time on a list. These are called "threads", and can be sorted out by
inspecting the subject line of the messages. If the subject is the same
for several messages, those messages are a single "thread." Some email
programs will let you sort separate message-threads into separate
mailboxes, so you can read continuing conversations in correct time-order
To create a new thread, simply send a message with a new phrase in the
SUBJECT line. Or do as I usually do: hit the reply button, then type a
new subject line.
To continue a pre-existing thread, use your email software to "reply" to
any message in the thread. Most email software will copy the SUBJECT line
automatically into your new message (perhaps adding "Re:" to the beginning
if it wasn't already there,) and will include the original message as part
of your reply. Note that it's bad manners to ALWAYS include the ENTIRE
earlier message in all of your own messages. It's best to delete large
sections of the previous message, and only leave the critical lines that
are the reason for your reply.
"Flamewars" and Psychology
also see: Newsgroup flaming as mental illness
"Insult wars" frequently break out on internet discussion groups. Some
people enjoy these and will start them intentionally. But many more
Flamewars exist than can easily be explained by intentional troublemakers.
It seems that the psychology of email itself can start flamewars. Email
messages are "low bandwidth", meaning that the writing usually lacks
critical information about how to interpret the messages, and it lacks
most of the emotional communication of face-to-face talks. As a result,
we can usually interpret email messages in several different ways. A
person can send an innocent message which is "heard" as sarcasm or vile
insults by the person who receives it. The reverse can also happen;
intentional insults can mistakenly be "heard" as benign, but missed
insults usually cause no problems! We hear what we want to hear, and
unfortunately this is particularly true of email.
Flamewars usually are triggered *NOT* when one person intentionally
insults another, but when one person *takes* insult when reading messages
having fairly innocent intent. The offended reader then hurls a real
insult in return. The first party feels unjustly attacked, since after
all they did not send any horrible insults in the first place. Therefore
they respond with insults of their own. And so a "war" has been triggered
through misunderstandings. Same as with nations. Same as with little
kids. And as with fighting children, the flamewar participants will often
end up saying "well she started it, I was just defending myself! "No he
started it, no she did, no he did," and the list owner finally steps in
and says "I don't care who started it, you both participated, both of you
go stand in the corner."
The solution? Simple: Be nice. Don't hurl insults via the list, EVEN IF
SOMEONE ELSE INSULTED YOUR FIRST. Avoid acting like a self-important
boob; don't take insult at every little thing, and don't insist on public
retaliation for every slight. Either ask if the insult was intentional,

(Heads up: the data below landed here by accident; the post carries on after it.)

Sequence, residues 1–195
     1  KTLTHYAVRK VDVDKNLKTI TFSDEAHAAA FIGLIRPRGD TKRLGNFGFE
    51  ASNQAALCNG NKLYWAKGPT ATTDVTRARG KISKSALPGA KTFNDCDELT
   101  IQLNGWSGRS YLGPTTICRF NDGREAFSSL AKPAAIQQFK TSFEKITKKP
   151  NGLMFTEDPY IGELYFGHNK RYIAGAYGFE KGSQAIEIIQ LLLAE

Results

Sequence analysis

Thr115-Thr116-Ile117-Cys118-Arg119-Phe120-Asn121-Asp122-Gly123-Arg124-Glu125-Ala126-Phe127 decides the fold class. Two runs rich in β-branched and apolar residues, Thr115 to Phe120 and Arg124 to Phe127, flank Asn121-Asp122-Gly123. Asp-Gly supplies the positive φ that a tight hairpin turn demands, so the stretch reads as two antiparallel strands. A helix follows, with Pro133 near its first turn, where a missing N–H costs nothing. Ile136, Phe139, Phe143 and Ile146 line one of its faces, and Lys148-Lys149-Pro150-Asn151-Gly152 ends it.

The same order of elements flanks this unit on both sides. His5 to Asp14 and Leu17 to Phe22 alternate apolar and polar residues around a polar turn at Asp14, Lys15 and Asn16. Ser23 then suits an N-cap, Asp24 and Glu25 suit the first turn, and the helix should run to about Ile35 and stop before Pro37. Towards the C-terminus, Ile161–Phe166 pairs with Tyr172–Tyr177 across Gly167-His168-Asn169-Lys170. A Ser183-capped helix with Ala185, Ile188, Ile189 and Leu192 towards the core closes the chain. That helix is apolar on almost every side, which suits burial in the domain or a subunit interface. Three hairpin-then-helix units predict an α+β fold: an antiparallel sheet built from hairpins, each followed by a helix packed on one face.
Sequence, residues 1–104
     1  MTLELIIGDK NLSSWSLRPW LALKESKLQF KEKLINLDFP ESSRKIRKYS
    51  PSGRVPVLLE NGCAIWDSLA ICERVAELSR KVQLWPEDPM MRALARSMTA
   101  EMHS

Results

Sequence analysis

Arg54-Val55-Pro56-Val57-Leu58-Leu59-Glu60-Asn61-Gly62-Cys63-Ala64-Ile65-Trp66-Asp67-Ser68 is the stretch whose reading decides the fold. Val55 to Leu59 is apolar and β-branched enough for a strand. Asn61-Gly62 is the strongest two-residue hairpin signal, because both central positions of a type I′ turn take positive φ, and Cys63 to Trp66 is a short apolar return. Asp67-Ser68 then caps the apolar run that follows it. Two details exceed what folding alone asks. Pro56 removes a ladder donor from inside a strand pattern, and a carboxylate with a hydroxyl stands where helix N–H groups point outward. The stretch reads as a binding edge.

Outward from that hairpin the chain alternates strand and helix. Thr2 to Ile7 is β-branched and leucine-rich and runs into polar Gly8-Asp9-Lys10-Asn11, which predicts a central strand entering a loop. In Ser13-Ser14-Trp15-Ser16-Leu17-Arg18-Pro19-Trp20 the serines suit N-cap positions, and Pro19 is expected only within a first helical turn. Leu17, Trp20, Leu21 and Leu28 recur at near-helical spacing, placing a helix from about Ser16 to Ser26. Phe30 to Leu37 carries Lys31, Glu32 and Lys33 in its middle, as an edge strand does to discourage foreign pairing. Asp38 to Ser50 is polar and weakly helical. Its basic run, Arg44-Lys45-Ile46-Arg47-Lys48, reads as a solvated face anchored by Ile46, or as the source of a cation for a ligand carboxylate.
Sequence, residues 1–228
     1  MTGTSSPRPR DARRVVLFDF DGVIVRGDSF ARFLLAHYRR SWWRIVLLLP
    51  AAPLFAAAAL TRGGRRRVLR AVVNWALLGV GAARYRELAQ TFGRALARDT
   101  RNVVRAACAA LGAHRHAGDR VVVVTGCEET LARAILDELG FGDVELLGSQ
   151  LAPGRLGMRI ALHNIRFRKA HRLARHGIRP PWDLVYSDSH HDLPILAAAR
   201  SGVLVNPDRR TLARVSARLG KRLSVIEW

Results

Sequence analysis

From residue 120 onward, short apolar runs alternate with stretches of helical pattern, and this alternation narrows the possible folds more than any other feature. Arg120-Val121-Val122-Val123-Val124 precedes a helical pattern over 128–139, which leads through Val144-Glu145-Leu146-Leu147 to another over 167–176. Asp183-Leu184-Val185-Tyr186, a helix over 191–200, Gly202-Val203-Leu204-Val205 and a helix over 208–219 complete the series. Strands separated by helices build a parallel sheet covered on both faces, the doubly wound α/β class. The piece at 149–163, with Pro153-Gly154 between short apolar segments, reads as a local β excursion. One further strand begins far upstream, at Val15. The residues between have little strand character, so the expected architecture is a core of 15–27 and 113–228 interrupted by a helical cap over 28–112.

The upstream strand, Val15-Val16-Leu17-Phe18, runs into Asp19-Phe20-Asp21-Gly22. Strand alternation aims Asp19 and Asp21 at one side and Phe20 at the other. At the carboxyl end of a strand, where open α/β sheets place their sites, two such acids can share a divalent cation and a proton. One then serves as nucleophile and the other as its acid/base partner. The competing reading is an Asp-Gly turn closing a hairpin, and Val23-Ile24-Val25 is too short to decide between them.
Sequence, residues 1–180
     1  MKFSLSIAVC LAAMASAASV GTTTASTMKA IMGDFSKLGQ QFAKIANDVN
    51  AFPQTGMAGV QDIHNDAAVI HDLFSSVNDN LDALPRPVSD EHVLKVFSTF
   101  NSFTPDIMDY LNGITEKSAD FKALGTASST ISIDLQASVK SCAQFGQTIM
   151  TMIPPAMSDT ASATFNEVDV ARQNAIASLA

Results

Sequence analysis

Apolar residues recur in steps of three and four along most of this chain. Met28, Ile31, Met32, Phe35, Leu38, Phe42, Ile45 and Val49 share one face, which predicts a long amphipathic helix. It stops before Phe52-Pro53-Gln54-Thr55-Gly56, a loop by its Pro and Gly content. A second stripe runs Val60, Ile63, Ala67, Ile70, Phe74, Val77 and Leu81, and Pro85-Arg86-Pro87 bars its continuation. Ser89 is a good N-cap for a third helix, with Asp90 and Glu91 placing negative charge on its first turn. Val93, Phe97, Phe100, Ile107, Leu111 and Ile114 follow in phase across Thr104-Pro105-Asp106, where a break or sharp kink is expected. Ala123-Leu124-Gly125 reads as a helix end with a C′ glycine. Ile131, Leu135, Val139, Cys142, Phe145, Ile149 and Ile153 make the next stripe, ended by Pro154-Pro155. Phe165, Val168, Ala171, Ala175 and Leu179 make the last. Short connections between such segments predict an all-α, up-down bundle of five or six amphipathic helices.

or if you must, send your responding attack directly to your target via
private mail and *not* to the email list. If you feel that someone has
unjustly attacked you, and if you feel justified in defending yourself IN
PUBLIC, then you have fallen for the Flamewar psychology. People with an
"eye for an eye" philosophy, those who have a need to take retribution for
perceived attacks, are no better than primitive tribes trapped in cycles
of vengence, or modern nations who start wars for stupid reasons. On the
other hand, if all the real (or imagined) insults go right past you with
no effect, then you would make a good email-list moderator! :)
A List Of Your Own
If you are interested in running a discussion list, check with your
Internet Service Provider. Some ISPs offer a listserver option as part of
their service. Prices vary, some ISPs provide free lists, while others
charge hundreds of bucks per year.
To get your feet wet, you might consider signing up with a free commercial
list service. These lists are provided free, but advertising is added to
every message. Below are a few "free list server" companies. The last
one, Mail-archive, does not provide lists, but does provide a free
service for pre-existing lists.
If you have direct access to your system, you might consider running a
list based upon a script or system software. Eskimo.com uses SMARTLIST,
which I believe is a Perl script. Another script listserver is PROCMAIL.
The old LISTSERV freeware ran under unix. The current LISTSERV is an
expensive commercial product, and I don't know what systems can host it.
Date: Tue, 15 Apr 1997 09:20:56 GMT
From: Nite Owl <***firstname.lastname@example.org***>
Subject: HUMOR: How many internet mail..............
Q: How many internet mail list subscribers does it take to change a
1 to change the light bulb and to post to the mail list that the light
bulb has been changed
14 to share similar experiences of changing light bulbs and how the
light bulb could have been changed differently.
7 to caution about the dangers of changing light bulbs.
27 to point out spelling/grammar errors in posts about changing light
53 to flame the spell checkers
156 to write to the list administrator complaining about the light
bulb discussion and its inappropriateness to this mail list.
41 to correct spelling in the spelling/grammar flames.
109 to post that this list is not about light bulbs and to please take
this email exchange to alt.lite.bulb
203 to demand that cross posting to alt.grammar, alt.spelling and
alt.punctuation about changing light bulbs be stopped.
111 to defend the posting to this list saying that we are all using
light bulbs and therefore the posts **are** relevant to this mail
306 to debate which method of changing light bulbs is superior, where
to buy the best light bulbs, what brand of light bulbs work best for
this technique, and what brands are faulty.
27 to post URLs where one can see examples of different light bulbs
14 to post that the URLs were posted incorrectly, and to post
3 to post about links they found from the URLs that are relevant to
this list which makes light bulbs relevant to this list.
33 to concatenate all posts to date, then quote them including all
headers and footers, and then add "Me Too."
12 to post to the list that they are unsubscribing because they cannot
handle the light bulb controversy.
19 to quote the "Me Too's" to say, "Me Three."
4 to suggest that posters request the light bulb FAQ.
1 to propose new alt.change.lite.bulb newsgroup.
47 to say this is just what alt.physic.cold_fusion was meant for,
leave it here.
143 votes for alt.lite.bulb.
Enjoy NITE OWL